An advocate for public housing rights, mother of four boys, long term crossing supervisor, and active community member, Sandra has lived life to the fullest through speaking her mind, standing up for what’s right, and getting things done!
In 1985, Sandra moved from Frankston with her boys into Kensington. Moving from Frankston she expressed that she felt scared, it was a totally new place and she didn’t know anyone in the city or surrounding. When she and her boys had moved into their 8th floor walk-up apartment block (with no lifts either!) she remembers thinking ‘What is this? How do people live like this?’. It was a big life change for Sandra, but after a while she found herself getting used to the living situations and settling into a new life.
1998 saw the beginning of her involvement in the Tenants Association Committee, they helped the community residing in the Kensington estate apartments with matters relating to public housing issues and their rights as tenants among other things. It was an active committee and involved a lot of work. The committee was relied upon by the Office of Housing as a group who understood the resident’s needs. “We were doing a lot of the work that the Office of Housing should have been doing”.
Sandra has never been one to shy away from telling it how it is, always willing to stand up on behalf of residents and found herself often in meetings with councilors, developers, and politicians. On reflecting about that time Sandra said: ‘that’s just not me, to not speak the truth and stand up for people’. Sandra’s advocacy work also achieved accessibility changes in the estate, making retro-fit changes such as toilet accessibility accessories in apartments, widening doors, and installing ramps and rails. Sandra and the Kensington estate’s work led other estates like Carlton to follow suit.
With new developers coming onto the scene, this meant more fighting for change. Sandra was heavily involved in the Kensington Estate’s redevelopment into the public and private split housing that stands today. The proposed size of some of these apartments were majority 1-2 bedroom places, however, for larger families and growing families this wasn’t going to work. Sandra recognised the need for larger apartments, and spent time advocating for this need to the developers and eventually came through with a win for public tenant families. Sandra also advocated for the park that now sits outside 50 Clifford Terrace.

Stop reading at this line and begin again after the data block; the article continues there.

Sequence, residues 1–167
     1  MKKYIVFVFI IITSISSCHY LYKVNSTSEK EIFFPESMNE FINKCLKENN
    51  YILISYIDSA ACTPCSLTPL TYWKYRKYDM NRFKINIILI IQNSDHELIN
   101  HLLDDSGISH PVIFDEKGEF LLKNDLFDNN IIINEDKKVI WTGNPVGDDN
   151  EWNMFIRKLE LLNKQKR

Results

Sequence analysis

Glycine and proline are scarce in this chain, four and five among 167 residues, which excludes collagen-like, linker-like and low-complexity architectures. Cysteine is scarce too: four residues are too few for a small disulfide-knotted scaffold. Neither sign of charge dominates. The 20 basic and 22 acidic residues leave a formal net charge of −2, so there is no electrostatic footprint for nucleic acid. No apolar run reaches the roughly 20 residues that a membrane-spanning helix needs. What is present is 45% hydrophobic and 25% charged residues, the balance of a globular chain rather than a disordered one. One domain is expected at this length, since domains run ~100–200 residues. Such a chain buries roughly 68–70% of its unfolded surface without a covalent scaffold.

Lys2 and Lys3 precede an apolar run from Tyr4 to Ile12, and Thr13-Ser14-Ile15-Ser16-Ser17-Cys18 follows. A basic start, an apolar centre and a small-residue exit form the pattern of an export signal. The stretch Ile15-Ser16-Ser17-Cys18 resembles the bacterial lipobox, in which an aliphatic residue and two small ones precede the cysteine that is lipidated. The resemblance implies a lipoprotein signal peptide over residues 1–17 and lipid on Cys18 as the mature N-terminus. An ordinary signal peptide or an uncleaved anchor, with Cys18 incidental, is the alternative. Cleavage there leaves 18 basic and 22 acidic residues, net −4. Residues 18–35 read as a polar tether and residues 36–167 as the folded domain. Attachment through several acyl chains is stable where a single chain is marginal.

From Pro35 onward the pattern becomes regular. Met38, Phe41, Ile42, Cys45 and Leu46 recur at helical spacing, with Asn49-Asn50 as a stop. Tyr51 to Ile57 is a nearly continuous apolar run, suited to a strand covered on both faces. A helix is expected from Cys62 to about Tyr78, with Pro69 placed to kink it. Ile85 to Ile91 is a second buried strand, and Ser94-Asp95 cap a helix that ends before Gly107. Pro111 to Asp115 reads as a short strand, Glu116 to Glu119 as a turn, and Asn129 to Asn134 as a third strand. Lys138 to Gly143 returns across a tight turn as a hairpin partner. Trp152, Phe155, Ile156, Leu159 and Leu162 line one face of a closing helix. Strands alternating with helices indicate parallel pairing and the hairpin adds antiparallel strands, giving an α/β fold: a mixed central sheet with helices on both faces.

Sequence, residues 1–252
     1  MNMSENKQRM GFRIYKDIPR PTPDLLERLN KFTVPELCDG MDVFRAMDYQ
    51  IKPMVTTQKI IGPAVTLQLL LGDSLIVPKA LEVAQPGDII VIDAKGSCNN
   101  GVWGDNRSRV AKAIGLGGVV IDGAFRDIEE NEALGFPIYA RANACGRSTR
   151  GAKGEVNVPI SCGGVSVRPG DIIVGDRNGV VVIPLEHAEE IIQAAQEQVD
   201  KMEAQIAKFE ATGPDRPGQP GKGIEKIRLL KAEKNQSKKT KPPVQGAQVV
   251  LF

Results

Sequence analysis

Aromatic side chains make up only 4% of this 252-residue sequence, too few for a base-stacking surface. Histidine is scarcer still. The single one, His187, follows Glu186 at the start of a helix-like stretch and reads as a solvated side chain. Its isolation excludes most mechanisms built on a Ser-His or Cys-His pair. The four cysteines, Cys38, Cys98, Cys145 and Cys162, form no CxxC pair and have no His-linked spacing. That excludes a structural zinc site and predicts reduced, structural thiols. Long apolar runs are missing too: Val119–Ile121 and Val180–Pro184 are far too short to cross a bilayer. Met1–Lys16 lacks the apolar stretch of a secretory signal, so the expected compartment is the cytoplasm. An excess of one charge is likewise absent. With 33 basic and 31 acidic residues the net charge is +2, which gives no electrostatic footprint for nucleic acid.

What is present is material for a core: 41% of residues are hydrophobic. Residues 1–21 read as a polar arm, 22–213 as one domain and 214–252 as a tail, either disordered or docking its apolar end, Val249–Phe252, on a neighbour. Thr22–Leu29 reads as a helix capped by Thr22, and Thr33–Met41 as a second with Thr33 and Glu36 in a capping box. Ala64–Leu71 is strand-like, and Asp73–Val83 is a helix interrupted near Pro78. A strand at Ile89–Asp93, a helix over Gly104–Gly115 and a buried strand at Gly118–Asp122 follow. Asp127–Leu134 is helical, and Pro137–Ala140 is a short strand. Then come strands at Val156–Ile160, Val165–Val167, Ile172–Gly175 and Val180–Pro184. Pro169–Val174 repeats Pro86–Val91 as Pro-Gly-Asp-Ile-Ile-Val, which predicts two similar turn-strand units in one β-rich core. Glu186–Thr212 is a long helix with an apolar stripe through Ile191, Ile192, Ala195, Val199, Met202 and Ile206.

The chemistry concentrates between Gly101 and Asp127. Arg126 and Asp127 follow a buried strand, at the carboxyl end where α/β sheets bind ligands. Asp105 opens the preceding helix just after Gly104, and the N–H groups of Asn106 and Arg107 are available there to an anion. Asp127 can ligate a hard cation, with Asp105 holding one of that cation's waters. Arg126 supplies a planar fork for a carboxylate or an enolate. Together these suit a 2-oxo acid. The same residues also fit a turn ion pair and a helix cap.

Sandra was invited to Canberra as the Kensington Redevelopment publication was nominated for a prestigious award. The Kensington Redevelopment book is a collection of photographs and stories from residents at the Kensington estate. In meeting the organising committee, the first thing one women said was, “are you really a public housing tenant?’ Sandra thought to herself, well what were you expecting!
Sandra has been an active member with Kensington Neighborhood House since its early days, she recalls it being a great place and had helped in the process to fund the second story extension of the house to accommodate the growing Kensington community. Throughout the years and around Christmas time especially, the Neighborhood House, Kensington Community School, the Tenants Association, Doutta Galla Community Health (now cohealth), Sandra and others would put together plays at the Kensington YMCA. For many years as Sandra was Chair of the YMCA committee. They performed plays called, Through the Looking Glass, and Kensington Strikes Back, a play about the community and the new land developers coming into Kensington at that time. Sandra recalls fun memories from that period with acting debuts from herself and even the nurses and doctors from Doutta Galla getting involved.
Most people in Kensington would remember the Kensington CommUNITY Festival that ran right up until 2019. Sandra was heavily involved in establishing and running the festival that was a great success. The festival aimed to celebrate, engage and showcase the local community and to strengthen relationships and connections between the Kensington redevelopment and the wider community.
Sandra reflected on many fond memories during our conversation, she recalled the day when the popcorn factory exploded in Kensington, ‘lots if kids went missing that day’ she says, collecting the spilt popcorn with buckets.
Volunteering as a crossing supervisor for 22 years, she has won well deserved awards, including school crossing supervisor winner five times over, and a number of other awards for her work advocating for tenants including the Centenary medal. Sandra is an inspiring community member, she has no sight of stopping anytime soon and wants to keep doing her bit within the community.
(Sandra was interviewed by Payton Frost and Esther Sadek - October 2022)